completed his first prison term starting at age 17 for low level pot dealing. He said,
    I apply for jobs, but I come to the question, “Have you ever been arrested?”
    “If so, explain why.” “It’s like they want me to go back to the streets.” he said.
    I think he was a lot more right, than many of us are willing to admit.

    • Michael Kollmorgen

      No matter what crime you committed, once you are off parole and your rights as a citizen are reinstated, people should leave you alone and;

      be able to get a job (within reason) without the fear of background checks
      be able to obtain a place to live (within reason) without a background check

      Now, for a price, anyone can look up a persons name and check their backgrounds. This to me is a total invasion of privacy. The ONLY people who should have the ability to pull a background check is your Police, the Court System and no one else.

      While you are in prison and a few years before you are to be paroled, IF you have no marketable skills, you should have access to good educational opportunities such as good vocational training, college coursework that is either good for entry-level jobs or can be continued at your local college or university once you are paroled.

      It might not be a bad idea to be paroled to a different state, as far as away as possible, from the people and life situation which got you involved in your crime and have full and complete social and legal support to make a go of it.

      Anyone with a diagnosed mental disorder should NEVER go to prison. They should be sent to a good mental hospital facility and treated for their mental disorder. Prisons are being used as a housing unit for mental disorders. There is no psychological treatment in prison.

      Also, having a mental disorder in prison makes it much harder on the inmate due to other inmates taking advantage of the weaker emotional disordered inmate which makes them worse over time.

      • charleo1

        I agree with everything you pointed out. Especially, after a person
        has completed paying their debt to society, so to speak. They ought
        not to be further confined by a mistake they may have made as a
        16, or 17 year old kid. But, they are. And that’s a huge part of the
        revolving door syndrome. Also, as private prisons have begun to
        proliferate, opportunities for inmates to learn marketable skills
        have been sacrificed to the bottom line. And, let’s face it, these
        for profit outfits have no incentive in seeing these people rehabbed.
        In fact they make profit when the person returns.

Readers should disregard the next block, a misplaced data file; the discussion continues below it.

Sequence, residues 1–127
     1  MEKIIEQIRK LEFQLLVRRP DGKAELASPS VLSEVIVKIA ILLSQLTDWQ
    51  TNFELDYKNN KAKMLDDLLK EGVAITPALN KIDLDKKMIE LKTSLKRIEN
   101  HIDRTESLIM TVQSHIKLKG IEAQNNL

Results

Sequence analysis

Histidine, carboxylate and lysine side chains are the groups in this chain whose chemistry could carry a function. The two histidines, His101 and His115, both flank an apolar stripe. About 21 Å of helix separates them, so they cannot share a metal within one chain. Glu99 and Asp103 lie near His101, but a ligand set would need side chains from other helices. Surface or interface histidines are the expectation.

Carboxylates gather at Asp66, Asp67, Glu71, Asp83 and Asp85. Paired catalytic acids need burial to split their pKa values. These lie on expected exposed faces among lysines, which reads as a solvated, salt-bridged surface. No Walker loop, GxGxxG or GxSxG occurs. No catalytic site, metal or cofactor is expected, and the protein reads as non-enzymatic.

• Michael Kollmorgen

          At one time, our prison system wasn’t filled with mentally disabled people who committed crimes, at least not major ones.

          These people, those who were diagnosed with mental disorders were sent to state-run institutions to be treated, some permanently.

          Each state closed down their facilities one by one and sent their patients to regular prisons.

          The focus changed from rehabilitation to punishment around 30 years ago. And, it’s only gotten worse over the years.

          There was also a change in the type of crimes which were more prosecuteable, easier to get a conviction on. These new crimes were things like minor sex offenses due to social stigma and minor drug offenses. Neither of these types of crimes should have been served in prison, but rather mental facilities, house arrest, out-patient mental treatment.

          Basically what has been going on is that states are loosing revenue due to plant closing, downturn in the economy. They have to make the difference up somehow.

          Also, since the end of the Cold War, the US hasn’t got anymore “real” enemies. So, now this country has turned inward and creates its own enemies internally and use groups of people as scapegoats to blame everything that is wrong, on.

          And, you can be sure of one thing, with each state passing new laws and legislation, our prisons will keep getting filled with these victims. If it wasn’t a crime before, or people just ignored it, it will be a crime eventually.

  • clarenceswinney

    60th-80th Percentile=$100,700
    40th-60th Percentile=$12,200
    Bottom 40%=$14,800
    What scares me is control of voting via computer programs.
    In last election I voted a straight D but, on review, all came up R
    Robert Reich of University of California put it simple and truthful in a brief outline:
    “Suppose a small group of extremely wealth people sought to systematically destroy the U.S. Government by finding and bankrolling new candidates pledged to shrinking and dismembering it—
    intimidating or bribing many current senators and representatives—to block all proposed legislation, prevent the appointment of presidential nominees, eliminate funds to implement and enforce laws
    and—threaten to default on the nation’s debt—taking over state governments in order to redistrict, gerrymander, require voter IDs, purge voter rolls and otherwise suppress the votes of the majority in federal elections—running a vast PR campaign designed to convince the American public of certain big lies, such as climate change is a hoax And—buying up the media so the public cannot know the truth—would you call this Treason or what?”
    Who controls our voting machines and vote counters? Vote counter Diebold was sold to a Republican.
    What a wonderful simple analysis on American politics today.

    • Sand_Cat

      I agree, but I missed the connection to the article.
      Since you opened the topic, it seems to me that there is infinitely more chance of fraud using voting machines with no paper trail, which is where the people worried about “voter fraud” would be going if they really gave a damn about voter fraud.

  • tdm3624

    Great article! I agree entirely. Meth is huge in my county and the addicts need access to rehab, not locked up in jail.